As part of the project of making ‘snackbar’ food from scratch, I thought there should also be a vegetable dish on the menu. Vegetables are not a popular menu item in these ‘restaurants’, unless you count potatoes and ketchup as vegetables. I decided to make a Russian Salad (known as “Huzarensalade” in Dutch, named after hussars, the light cavalry that comes from Russia and other Eastern European countries). Russian Salad consists of boiled potatoes, boiled vegetables, ham, and mayonnaise. I left out the ham to make a vegetarian version, but you could of course include it again. Russian Salad has a bit of a bad name because it is often made with mayonnaise from a jar and canned vegetables. If made fresh and with moderate use of mayonnaise, it can be quite elegant. Another key success factor is to cook the vegetables separately so each can be cooked just right. The work of this salad is in cutting the vegetables into small cubes — I do not know of a household machine that can do this for you.
Part of the ‘fun’ of making a Russian Salad is to decorate the outside with slices of hard-boiled egg, tomatoes, pickles, anchovies, etc. I didn’t have any tomatoes on hand and was hungry, so didn’t put a lot of effort into this step this time around.
250 grams (.55 lbs) waxy potatoes
100 grams (.22 lbs) carrots
150 grams (.33 lbs) peas, frozen or fresh (but not from a can or jar)
25 grams (1 oz) pickled gherkins (sour)
white wine vinegar
salt and freshly ground white pepper
extra virgin olive oil
1 hard-boiled egg
garnishes such as more gherkins, tomatoes, anchovies, etc.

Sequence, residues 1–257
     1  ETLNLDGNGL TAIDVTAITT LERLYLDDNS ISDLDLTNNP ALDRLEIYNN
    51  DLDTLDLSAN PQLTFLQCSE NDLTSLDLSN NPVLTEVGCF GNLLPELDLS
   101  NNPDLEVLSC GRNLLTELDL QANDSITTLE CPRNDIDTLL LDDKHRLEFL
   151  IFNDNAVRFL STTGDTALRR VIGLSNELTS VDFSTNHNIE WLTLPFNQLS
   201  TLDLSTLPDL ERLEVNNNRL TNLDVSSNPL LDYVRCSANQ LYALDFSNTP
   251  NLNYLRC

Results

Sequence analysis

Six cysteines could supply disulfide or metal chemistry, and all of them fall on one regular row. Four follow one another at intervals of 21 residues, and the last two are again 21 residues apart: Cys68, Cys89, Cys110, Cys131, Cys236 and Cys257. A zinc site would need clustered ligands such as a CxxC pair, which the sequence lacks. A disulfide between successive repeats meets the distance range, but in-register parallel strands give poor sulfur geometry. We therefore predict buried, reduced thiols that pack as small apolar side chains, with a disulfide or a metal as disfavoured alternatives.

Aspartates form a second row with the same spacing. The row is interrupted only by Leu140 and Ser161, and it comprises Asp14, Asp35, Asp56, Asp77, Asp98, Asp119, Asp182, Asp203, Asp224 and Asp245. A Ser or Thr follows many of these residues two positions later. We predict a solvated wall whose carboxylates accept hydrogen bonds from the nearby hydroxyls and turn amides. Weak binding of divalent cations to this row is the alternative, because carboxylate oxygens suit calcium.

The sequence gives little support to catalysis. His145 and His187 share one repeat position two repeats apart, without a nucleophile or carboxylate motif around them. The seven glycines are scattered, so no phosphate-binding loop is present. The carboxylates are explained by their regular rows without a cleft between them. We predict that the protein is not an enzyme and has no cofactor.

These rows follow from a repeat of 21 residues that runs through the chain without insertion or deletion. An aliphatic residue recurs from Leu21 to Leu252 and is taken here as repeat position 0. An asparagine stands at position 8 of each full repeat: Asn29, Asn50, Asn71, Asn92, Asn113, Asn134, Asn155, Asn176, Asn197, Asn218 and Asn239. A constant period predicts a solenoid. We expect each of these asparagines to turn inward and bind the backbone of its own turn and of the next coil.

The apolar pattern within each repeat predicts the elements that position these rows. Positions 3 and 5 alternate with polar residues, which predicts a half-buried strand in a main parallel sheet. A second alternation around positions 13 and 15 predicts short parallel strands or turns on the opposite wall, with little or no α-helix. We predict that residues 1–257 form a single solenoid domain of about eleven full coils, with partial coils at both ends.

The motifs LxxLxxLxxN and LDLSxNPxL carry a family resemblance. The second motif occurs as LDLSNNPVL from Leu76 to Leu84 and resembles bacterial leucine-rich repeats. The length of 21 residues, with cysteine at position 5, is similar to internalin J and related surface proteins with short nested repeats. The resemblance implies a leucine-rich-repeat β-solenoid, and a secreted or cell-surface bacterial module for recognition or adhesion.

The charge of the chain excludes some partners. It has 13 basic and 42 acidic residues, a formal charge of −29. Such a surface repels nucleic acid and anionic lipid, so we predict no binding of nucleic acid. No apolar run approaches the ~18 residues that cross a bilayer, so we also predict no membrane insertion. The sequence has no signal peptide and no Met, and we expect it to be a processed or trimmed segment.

2 pinch of sugar
pinch of baking powder
Bring some water to a boil. Add salt to taste, a pinch of sugar and a pinch of baking powder. Add peas (may be still frozen). Bring back to a boil and cook for 2 minutes or until the peas are tender but still firm to the bite. (The baking powder is added for obtaining a very green color rather than olive green. It will also speed up the cooking process, so beware of overcooked peas!)
Peel the potatoes and cut into small cubes about the size of the peas (this is called brunoise). An easy way to do this is to cut into slices crosswise first, stack a few on top of each other and then cut into small squares.
Rinse the potatoes with cold water to remove the starch. Put the tomatoes into a pot and cover with water. Add salt. Bring to a boil and cook for about 5 minutes or until the potatoes are done but still firm to the bite.
Since I was serving the salad as part of a themed snack soirée, there had to be a wine pairing as well. I decided upon a medium-bodied semillon-chardonnay blend and that worked very well. The semillon makes the wine fat and creamy, which goes well with the mayonnaise. The wine had some fresh tones as well to go with the pickles. You could also use a 100% semillon if you can find one (usually from Australia), but those may be full-bodied and a bit too heavy.